Varenne: quotes from Saussure's Course in general linguistics

Ferdinand de Saussure

Course in General Linguistics
Tr. by W. Baskin. New York: McGraw-Hill. [1915] 1966

quotes selected by Hervé Varenne

The notes are part of my attempt to reinterpret Saussure's understanding of the 'contract' that makes arbitrary relationships necessary in the terms first suggested by G.H. Mead's interactionism, then developed systematically by Garfinkel and since then explored empirically by conversational analysts in the tradition of Sacks.

 


(see also quotes from introductory chapters)

(longer quotes from Chapter V are also available.)

Language as Social

In separating language (langue) from speaking (parole) we are at the same time separating: (1) what is social from what is individual; and (2) what is essential from what is accessory and more or less accidental.

four challenges to those concerned with language in all its forms. Each are controversial postulates that remain open for development and challenge [the bullets are mine]

      1. Language is not a function of the speaker;
      2. it is a product that is passively assimilated by the individual.
      3. It never requires premeditation, and
      4. reflection enters in only for the purpose of classification.

It is the social side of speech, outside the individual who can never create nor modify it by himself; it exists only by virtue of a sort of contract signed by the members of a community. ([my emphasis] p. 14)

The word "contract" refers back to Rousseau's discussion of the "Social Contract" as the basis of sociability (along with its implicit critique of theories of legitimacy purely based on raw power). The word "contract" can also be read forward in terms of Garfinkel's discussion of "trust."


Some people regard language ... as a naming process only ... This conception is open to criticism on several points. It assumes that ready-made ideas exist before words ...; finally, it lets us assume that the linking of a name and a thing is a very simple operation... (p. 65)

Without language thought is a vague, uncharted nebula. There are no pre-existing ideas, and nothing is distinct before the appearance of language. (p. 112)

Linguistics then works in the borderland where the elements of sound and thought combine; their combination produces a form, not a substance. ... The arbitrary nature of the sign explains why the social fact alone can create a linguistic system. The community is necessary if values that owe their existence solely to usage and general acceptance are to be set up; by himself, the individual is incapable of fixing a single value. (p. 113)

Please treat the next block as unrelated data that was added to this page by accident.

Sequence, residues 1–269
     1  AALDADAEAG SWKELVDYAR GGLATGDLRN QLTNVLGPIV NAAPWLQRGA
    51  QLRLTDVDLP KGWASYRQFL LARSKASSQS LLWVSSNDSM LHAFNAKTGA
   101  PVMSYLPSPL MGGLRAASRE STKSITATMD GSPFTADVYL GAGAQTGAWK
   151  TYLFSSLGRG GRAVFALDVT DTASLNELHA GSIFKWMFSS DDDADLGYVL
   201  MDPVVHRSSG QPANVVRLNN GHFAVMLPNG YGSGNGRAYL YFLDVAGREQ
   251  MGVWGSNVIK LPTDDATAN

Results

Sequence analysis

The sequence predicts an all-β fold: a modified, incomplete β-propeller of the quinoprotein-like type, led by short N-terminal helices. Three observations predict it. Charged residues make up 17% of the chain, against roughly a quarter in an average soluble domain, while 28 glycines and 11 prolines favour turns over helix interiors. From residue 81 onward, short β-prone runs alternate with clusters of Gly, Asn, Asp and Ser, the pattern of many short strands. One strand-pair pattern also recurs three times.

contrast this to G.H. Mead's insistence that the conversation of gestures precedes symbolic meaning. And yet both emphasize the "social." How would one bring the two together?

Properties of the sign

The term "arbitrary" should not imply that the choice of the signifier is left entirely to the speaker ...; I mean that it is unmotivated, i.e. arbitrary in that it actually has no natural connection with the signified. (p. 68-69)

In other words, and against Malinowski who was developing an alternate theory of meaning in parallel to Saussure's, no investigation of the "context" of an utterance can establish the "meaning" of a sign, that is its peculiar power as historical product constraining the future. It is "arbitrary", that is dependent on an implicit (though not always) agreement that this sign is to do anything in particular.


Partial hegemony of the synchronic law

The synchronic law is general but not imperative. Doubtless it is imposed on individuals by the weight of collective usage (see p. 73), but here I do not have in mind an obligation on the part of speakers. I mean that in language no force guarantees the maintenance of a regularity when established on some point. Being a simple expression of an existing arrangement, the synchronic law reports a state of affairs... And the arrangement that the law defines is precarious precisely because it is not imperative. (p. 92)

On syntagmatic relationships


This page is part of a unit about Saussure used in my course Culture and Communication

Last revision: January 27, 1997